Read 1 Thessalonians 4:13-18. List the clues in this passage that point to the false beliefs in the Thessalonian church that brought unnecessary grief to those who held them.
Within the Judaism of Paul’s day, a variety of views regarding the end time were prevalent. One of these viewpoints, in some form, crept into the Thessalonian church. Though we’re not certain exactly what it was, it seems to have been the idea that though all of God’s faithful would share in the “world to come,” only those who were alive at the end would be carried up into heaven. Those who died before the end would be resurrected and remain on earth.
In such a belief system, it would be a serious disadvantage to die before the end came. But it would also mean a separation between those taken to heaven and those left on earth. If the Thessalonians Paul was writing to lived until the end, they would truly ascend to heaven at the second coming of Jesus, but they would have to leave their deceased loved ones behind on earth (see 1 Thess. 4:13, 14).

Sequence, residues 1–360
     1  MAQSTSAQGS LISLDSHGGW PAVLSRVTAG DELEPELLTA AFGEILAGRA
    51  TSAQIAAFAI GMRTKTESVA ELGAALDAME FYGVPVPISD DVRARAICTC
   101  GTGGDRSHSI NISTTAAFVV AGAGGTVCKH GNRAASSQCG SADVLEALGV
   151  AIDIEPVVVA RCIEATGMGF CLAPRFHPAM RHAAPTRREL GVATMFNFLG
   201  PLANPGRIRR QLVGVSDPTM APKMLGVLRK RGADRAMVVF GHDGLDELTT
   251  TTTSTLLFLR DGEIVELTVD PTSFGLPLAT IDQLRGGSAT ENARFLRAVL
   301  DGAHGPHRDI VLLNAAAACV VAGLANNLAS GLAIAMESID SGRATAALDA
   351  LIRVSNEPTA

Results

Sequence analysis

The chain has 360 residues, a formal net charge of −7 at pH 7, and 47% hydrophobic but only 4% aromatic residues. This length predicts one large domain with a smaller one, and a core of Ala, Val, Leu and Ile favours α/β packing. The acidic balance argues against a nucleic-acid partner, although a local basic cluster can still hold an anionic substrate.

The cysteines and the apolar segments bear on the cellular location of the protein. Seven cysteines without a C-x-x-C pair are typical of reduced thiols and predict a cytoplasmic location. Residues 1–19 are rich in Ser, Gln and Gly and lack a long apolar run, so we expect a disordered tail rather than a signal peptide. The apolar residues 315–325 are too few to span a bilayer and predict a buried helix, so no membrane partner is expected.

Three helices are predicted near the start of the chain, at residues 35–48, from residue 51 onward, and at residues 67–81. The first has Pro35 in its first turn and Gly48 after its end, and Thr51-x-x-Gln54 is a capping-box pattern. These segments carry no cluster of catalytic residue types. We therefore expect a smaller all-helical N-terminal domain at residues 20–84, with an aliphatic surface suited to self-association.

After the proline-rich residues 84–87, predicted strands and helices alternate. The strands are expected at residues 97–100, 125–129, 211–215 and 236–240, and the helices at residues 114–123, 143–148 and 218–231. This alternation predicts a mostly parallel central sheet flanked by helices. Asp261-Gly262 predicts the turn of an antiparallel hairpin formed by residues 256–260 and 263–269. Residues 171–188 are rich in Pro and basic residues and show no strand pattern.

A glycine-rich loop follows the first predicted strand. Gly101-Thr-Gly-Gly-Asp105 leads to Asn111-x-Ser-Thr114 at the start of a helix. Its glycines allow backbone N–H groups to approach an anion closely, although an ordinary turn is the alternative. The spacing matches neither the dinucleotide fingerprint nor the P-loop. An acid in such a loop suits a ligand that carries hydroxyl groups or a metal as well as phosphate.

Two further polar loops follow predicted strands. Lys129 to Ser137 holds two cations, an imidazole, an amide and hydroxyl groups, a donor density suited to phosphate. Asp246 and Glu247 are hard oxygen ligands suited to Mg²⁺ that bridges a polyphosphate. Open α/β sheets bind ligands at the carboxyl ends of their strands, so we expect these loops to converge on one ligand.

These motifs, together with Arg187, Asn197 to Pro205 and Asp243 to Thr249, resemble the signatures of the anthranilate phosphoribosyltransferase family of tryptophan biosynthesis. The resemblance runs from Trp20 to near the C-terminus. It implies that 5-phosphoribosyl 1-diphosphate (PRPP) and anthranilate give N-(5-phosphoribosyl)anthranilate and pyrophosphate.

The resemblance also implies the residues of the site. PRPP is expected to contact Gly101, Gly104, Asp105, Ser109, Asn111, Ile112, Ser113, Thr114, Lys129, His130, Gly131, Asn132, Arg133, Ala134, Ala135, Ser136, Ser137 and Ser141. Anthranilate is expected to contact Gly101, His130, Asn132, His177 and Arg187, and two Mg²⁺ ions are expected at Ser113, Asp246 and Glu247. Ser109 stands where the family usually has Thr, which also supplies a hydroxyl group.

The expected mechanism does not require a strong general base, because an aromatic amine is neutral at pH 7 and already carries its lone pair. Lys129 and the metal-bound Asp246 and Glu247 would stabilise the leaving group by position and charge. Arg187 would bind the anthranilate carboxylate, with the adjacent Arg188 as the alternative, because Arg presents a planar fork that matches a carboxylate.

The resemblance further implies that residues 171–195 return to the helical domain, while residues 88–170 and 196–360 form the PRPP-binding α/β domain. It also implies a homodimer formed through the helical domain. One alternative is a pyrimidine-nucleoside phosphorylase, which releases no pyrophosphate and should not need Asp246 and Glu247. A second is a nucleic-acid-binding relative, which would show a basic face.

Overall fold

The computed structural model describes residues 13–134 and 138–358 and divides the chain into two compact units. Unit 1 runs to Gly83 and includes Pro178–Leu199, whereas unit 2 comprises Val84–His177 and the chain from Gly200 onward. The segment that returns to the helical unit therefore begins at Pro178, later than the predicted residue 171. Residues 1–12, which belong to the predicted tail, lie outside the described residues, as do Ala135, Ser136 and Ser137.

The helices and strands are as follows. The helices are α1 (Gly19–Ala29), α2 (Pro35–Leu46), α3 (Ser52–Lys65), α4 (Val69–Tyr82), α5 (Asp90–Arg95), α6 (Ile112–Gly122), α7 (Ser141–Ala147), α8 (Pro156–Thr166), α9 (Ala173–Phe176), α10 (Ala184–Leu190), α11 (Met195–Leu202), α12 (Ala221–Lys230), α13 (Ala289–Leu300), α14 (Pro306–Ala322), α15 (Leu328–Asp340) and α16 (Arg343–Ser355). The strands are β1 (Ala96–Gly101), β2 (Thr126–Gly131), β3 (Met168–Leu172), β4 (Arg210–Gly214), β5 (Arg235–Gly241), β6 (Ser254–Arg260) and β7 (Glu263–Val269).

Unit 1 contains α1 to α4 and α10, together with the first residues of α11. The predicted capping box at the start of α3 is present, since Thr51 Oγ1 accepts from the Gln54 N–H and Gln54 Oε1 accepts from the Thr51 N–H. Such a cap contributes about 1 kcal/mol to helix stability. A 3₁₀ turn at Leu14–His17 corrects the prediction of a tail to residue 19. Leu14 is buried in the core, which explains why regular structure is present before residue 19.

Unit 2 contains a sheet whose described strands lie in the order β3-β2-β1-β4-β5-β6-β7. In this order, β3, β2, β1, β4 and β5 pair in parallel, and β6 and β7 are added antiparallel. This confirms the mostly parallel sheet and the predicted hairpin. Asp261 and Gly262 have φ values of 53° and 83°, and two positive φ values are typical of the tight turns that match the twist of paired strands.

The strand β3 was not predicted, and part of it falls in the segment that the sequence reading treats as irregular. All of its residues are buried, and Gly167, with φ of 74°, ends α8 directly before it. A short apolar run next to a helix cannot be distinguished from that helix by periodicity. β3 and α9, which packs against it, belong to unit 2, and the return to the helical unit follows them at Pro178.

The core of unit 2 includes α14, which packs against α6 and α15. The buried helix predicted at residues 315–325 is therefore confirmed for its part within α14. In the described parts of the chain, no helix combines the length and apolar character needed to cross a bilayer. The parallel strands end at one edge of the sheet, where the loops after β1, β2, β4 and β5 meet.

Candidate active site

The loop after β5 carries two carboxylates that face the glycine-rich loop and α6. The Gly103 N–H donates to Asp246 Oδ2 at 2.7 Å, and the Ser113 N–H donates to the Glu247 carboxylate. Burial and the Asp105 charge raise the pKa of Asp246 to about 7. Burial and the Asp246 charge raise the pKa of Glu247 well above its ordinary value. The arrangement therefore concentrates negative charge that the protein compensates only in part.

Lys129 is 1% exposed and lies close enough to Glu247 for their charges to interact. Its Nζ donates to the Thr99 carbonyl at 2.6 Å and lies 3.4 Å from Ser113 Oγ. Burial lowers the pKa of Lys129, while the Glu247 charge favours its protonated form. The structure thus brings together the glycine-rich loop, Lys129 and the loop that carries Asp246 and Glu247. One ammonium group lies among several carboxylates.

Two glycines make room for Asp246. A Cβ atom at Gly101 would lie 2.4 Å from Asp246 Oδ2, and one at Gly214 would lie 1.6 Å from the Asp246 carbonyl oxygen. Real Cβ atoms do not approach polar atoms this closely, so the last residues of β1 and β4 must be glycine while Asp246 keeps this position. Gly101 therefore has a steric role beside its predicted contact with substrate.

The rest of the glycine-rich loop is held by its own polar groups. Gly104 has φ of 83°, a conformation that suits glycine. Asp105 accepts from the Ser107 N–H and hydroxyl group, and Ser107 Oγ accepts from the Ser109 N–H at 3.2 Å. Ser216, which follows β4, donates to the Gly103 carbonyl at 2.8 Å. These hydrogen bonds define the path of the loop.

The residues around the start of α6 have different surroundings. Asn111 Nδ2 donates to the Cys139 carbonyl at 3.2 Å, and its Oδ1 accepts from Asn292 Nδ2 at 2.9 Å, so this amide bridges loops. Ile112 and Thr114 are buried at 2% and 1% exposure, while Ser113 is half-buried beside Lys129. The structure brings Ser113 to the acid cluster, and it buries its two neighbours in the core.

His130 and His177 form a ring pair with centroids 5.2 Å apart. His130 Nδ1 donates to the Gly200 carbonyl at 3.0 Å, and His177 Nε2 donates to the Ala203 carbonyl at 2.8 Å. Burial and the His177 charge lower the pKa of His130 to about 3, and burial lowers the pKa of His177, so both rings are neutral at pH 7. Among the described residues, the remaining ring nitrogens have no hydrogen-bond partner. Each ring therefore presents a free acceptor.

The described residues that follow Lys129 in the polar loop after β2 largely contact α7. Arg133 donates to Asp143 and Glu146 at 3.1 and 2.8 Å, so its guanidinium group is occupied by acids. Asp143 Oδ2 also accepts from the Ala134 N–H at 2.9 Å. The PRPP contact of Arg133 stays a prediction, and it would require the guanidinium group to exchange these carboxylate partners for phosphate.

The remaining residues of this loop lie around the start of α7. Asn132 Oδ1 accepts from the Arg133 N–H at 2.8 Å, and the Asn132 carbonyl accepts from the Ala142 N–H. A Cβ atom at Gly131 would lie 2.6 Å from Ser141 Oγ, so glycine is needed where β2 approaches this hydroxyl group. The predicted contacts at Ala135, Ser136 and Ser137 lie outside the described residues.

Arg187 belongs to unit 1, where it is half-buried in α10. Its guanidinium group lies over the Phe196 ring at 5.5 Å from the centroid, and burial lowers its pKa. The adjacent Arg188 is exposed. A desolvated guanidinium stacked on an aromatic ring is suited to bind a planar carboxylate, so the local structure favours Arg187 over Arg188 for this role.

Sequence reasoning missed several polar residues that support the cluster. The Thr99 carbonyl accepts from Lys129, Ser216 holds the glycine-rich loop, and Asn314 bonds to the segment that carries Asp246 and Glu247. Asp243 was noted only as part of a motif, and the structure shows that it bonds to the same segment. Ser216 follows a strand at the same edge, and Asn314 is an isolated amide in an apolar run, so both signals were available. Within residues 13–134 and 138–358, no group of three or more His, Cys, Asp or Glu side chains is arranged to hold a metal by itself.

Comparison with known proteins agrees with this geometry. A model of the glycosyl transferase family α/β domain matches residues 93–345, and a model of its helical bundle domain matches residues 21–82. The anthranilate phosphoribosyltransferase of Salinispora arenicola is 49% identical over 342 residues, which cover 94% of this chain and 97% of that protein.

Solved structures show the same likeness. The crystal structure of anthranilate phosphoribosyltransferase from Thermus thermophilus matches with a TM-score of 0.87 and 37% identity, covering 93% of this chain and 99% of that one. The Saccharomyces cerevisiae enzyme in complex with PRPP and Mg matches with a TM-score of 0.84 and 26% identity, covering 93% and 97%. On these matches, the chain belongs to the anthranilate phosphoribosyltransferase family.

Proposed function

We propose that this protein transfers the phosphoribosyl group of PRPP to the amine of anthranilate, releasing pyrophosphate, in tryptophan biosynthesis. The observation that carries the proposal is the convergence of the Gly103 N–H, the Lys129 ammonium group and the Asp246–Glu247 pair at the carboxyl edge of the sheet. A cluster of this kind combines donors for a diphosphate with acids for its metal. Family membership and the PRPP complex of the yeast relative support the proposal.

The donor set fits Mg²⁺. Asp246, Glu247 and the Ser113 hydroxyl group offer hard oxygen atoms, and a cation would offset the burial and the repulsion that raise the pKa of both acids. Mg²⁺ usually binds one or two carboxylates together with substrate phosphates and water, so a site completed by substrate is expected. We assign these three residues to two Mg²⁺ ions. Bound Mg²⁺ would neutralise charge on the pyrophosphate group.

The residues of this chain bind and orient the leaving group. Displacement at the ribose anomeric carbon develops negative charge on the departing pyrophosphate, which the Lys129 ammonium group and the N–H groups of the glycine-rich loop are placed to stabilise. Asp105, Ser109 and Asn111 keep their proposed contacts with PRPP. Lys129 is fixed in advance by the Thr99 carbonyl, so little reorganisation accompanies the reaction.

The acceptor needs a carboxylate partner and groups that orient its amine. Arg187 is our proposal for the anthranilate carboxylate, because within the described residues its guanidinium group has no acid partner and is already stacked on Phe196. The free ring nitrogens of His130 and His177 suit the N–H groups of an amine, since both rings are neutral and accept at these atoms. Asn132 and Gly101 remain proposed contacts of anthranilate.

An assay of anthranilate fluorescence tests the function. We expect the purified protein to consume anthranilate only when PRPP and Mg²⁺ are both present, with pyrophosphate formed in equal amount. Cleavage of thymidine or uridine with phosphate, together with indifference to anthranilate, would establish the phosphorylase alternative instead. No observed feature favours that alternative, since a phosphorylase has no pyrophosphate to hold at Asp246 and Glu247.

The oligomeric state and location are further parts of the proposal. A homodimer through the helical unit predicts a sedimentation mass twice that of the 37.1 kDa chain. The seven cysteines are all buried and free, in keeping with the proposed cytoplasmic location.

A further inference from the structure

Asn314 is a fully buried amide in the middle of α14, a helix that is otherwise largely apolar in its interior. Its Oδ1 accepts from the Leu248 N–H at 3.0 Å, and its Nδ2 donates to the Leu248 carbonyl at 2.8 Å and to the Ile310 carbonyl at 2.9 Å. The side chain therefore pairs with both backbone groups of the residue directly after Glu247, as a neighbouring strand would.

It is not surprising, therefore, that Paul begins 1 Thessalonians 4:13-18 with a comment about the church’s ignorance, rather than with “you know very well,” which appears elsewhere (1 Thess. 5:2, NIV, see also 4:2). Regarding the prophecy about the Second Coming, there were important things the church didn’t know and other things they would need to unlearn.
As we think about prophecy, we must remember that it is not given to satisfy our curiosity about the timing and details of end-time events. Prophecy has an ethical and moral purpose. God designed it to teach us how to live. It is intended to provide encouragement and purpose, especially in the midst of suffering and loss. Rightly understood, the prophecies of the Bible have life-changing power. In other words, though it’s important to believe like an Adventist (which means believing in Bible prophecy), it’s even more important to live like one.
What does it mean to “live like an Adventist?” Bring your answer to class on Sabbath.